On Thursday morning, we got a sneak peek of the Conservatory of Flower’s new Garden Railway exhibition, Boomtown: Barbary Coast. This year they’ve tackled San Francisco’s historic Barbary Coast, an area of the city that was the “Sin City” of the latter half of the 19th century.
The Barbary Coast encompassed a 40-square-block area bounded by the Embarcadero, Grant Avenue, Broadway, and Commercial Street. It began blossoming in 1849 when adventurers and fortune seekers were drawn to California by the lure of the Gold Rush. San Francisco was a burgeoning port city and a stopover for aspiring miners on their way to find their fortune. A stop on the Barbary Coast was about business during the day – San Francisco was the busiest port on the West Coast at the time. But come nightfall, the area transformed into a dangerous playground, offering gambling parlors, rowdy saloons, whorehouses, and opium dens.
Needless to say, the Barbary Coast has a highly colorful history, and the Conservatory’s new exhibit does a great job of celebrating it. The small-scale railroad cars wind their way by miniature buildings, made from recycled and repurposed materials, that represent the famous landmarks of the Barbary Coast like Portsmouth Square, Union square, Chinatown and Maiden Lane.
Water areas of the exhibition play host to small scale clipper ships, representing the maritime traffic that came through the area. Often ships that came into port were abandoned as sailors grabbed mining equipment and flocked to the hills to find their fortune in gold. Those abandoned ships were often re-purposed into hotels, warehouse and saloons, including one ship called the Nitanic which is represented in miniature in the exhibit. Its remains were discovered in 1976 when a construction crew unearthed the hull.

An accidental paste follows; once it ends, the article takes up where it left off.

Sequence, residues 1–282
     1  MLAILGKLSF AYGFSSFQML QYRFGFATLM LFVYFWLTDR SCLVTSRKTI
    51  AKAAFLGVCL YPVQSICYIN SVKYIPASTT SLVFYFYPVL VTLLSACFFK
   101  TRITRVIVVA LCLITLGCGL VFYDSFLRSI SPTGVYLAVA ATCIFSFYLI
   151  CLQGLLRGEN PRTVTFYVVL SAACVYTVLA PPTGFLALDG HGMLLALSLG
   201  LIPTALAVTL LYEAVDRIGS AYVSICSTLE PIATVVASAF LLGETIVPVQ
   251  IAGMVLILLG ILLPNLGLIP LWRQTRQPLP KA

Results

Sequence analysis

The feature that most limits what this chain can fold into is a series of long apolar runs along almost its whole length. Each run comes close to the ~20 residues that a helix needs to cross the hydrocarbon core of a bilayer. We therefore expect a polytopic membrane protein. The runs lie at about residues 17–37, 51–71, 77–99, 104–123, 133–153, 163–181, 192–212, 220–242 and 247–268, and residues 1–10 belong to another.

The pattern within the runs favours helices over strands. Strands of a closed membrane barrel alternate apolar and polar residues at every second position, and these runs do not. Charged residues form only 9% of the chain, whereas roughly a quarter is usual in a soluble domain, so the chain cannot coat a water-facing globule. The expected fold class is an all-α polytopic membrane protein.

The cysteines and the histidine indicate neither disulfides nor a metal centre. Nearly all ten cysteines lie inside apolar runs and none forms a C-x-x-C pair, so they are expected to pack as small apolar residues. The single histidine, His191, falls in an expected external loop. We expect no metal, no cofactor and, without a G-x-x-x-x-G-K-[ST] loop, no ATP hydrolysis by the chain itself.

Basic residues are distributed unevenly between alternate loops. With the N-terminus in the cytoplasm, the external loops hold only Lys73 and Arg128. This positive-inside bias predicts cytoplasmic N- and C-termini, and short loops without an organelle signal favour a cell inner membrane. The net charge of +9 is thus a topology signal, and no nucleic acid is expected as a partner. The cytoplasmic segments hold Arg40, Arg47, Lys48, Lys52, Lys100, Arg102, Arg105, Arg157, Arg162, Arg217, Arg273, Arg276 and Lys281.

The exhibit is authored by Daniel Bacon, the city’s definitive expert on the Barbary Coast and Founder and Director of the city’s Barbary Coast Trail. Bacon’s interpretive signs in the exhibit are both informative and entertaining, bringing to life the area’s landmarks like Maiden Lane – so named for the bare-chested maidens who hung out of windows to lure in clientele – as well as its shady cast of characters ranging from Ah Toy, the first Chinese prostitute to jazz musician Jelly Roll Morton who performed on the Barbary Coast from 1916-1919.
In addition to the railway there are also some constructed portions of the exhibit including a saloon entrance that houses a souvenir photo booth, and an old-fashioned teller window at a bank. After all, it was the Gold Rush that we have to thank for Wells Fargo and some of our other early banks, whose mission was to protect the money pouring in from gold prospecting.
As in past Garden Railway exhibitions, the sounds are as much a part of the experience as the visuals and history. Sound engineer Andrew Roth once again went above and beyond to capture sounds from all over the Bay Area that represent the era. He even tracked down an original melodian organ to record some of the old saloon songs from the Barbary Coast’s heyday.
As you step up to the Maiden Lane portion of the exhibit, you’ll hear ladies’ voices giggling and whispering, and at the bank window, you’ll hear an old man wheezing and coughing as he counts money.
The Boomtown: Barbary Coast exhibition at the Conservatory of Flowers opens today and runs through April 14, 2013. Grab a friend or your family and head over there – there’s plenty to entertain (and inform) kids and adults alike.